Get your hearing examined every few years, too. The test allows you to make lifestyle adjustments and get treatment as well as alerting you to an existing hearing loss issue.

If You Notice Tinnitus Symptoms

Ringing indicates you have tinnitus, but it doesn’t help you understand why you have it or how you got it. You can understand more with a little trial and error.

Find out if the sound stops after a while if you avoid wearing headphones or earbuds.

Assess your noise exposure. Were you around loud noise the night before the ringing started? Did you, for example:

  • Work or sit near an unusually loud noise
  • Listen to the music of TV with headphones or earbuds
  • Go to a concert
  • Attend a party

If the answer is yes to any of those scenarios, it’s likely the tinnitus is temporary.

If The Tinnitus Doesn’t Get Better

Getting an ear exam would be the next thing to do. Some potential causes your physician will look for are:

  • Infection
  • Inflammation
  • Ear damage
  • Stress levels
  • Ear wax

Certain medication may cause this problem too like:

  • Antibiotics
  • Antidepressants
  • Aspirin
  • Cancer Meds
  • Quinine medications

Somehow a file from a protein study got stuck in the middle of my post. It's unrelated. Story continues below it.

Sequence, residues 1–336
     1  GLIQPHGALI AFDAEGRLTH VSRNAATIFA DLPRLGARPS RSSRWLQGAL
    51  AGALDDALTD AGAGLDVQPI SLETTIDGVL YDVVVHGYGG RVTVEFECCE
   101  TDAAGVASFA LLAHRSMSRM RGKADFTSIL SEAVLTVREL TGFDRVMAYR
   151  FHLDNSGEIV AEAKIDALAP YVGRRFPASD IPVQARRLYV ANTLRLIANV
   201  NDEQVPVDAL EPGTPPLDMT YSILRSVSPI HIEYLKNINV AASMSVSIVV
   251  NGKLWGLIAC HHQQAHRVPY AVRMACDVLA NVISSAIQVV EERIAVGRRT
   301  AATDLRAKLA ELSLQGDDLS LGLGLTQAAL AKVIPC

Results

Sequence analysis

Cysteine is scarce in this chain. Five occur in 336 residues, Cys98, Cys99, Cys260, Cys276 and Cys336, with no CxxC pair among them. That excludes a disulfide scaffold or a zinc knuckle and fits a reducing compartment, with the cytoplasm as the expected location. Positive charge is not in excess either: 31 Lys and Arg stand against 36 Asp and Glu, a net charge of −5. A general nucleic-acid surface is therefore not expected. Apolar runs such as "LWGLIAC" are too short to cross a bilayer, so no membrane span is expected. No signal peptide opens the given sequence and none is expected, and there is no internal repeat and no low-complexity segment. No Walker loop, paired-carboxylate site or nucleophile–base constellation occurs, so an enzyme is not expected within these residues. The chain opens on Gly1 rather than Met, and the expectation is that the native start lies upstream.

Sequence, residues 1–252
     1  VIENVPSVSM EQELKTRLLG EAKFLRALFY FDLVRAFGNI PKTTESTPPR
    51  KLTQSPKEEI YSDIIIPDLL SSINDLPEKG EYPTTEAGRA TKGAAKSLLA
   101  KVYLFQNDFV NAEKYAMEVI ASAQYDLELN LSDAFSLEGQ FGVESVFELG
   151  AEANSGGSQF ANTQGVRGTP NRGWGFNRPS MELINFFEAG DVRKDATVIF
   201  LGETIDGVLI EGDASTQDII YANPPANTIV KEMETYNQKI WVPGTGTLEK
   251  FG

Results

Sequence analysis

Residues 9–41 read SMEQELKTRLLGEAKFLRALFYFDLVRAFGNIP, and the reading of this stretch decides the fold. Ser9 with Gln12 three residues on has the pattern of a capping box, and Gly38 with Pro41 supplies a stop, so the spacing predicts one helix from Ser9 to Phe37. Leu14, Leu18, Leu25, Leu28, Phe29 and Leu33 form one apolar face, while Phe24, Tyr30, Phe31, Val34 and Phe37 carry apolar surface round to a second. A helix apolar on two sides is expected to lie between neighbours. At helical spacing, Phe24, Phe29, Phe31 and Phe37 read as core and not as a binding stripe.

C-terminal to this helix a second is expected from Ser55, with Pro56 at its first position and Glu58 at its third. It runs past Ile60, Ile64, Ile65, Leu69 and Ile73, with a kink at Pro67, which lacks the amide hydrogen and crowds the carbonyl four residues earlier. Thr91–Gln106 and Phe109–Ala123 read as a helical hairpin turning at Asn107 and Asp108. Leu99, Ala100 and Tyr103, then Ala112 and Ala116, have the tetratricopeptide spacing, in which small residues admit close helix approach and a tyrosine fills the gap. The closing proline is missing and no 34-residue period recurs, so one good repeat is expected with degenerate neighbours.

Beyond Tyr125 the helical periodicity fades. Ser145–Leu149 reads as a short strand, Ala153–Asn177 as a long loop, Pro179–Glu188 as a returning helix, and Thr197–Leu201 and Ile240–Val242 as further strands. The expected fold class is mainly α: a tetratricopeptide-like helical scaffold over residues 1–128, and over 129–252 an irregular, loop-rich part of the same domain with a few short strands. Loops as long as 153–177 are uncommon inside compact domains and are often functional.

• Water pills

Making a change might get rid of the tinnitus.

If there is no apparent cause, then the doctor can order a hearing examination, or you can schedule one on your own. Hearing aids can better your situation and reduce the ringing, if you do have loss of hearing, by using hearing aids.

Treating Tinnitus

Since tinnitus is a side effect and not an illness, treating the cause is the first step. The tinnitus should go away once you take the correct medication if you have high blood pressure.

Discovering a way to control tinnitus is, for some, the only way to live with it. A helpful tool is a white noise machine. They generate the noise the brain is waiting for and the ringing stops. You can also get the same effect from a fan or dehumidifier.

Another strategy is tinnitus retraining. You wear a device that produces a tone to hide the frequencies of the tinnitus. It can teach you not to focus on it.

Also, staying away from tinnitus triggers is important. Start keeping a diary because tinnitus triggers are not the same for everyone. When the tinnitus begins, write down everything right before you heard the ringing.

  • What were you doing?
  • What sound did you hear?
  • What did you eat or drink?

Tracking patterns is possible using this method. Caffeine is a known trigger, so if you drank a double espresso each time, you know to get something else in the future.

Tinnitus affects your quality of life, so discovering ways to lessen its impact or get rid of it is your best chance. To find out more about your tinnitus, schedule an appointment with a hearing care specialist today.

The site information is for educational and informational purposes only and does not constitute medical advice. To receive personalized advice or treatment, schedule an appointment.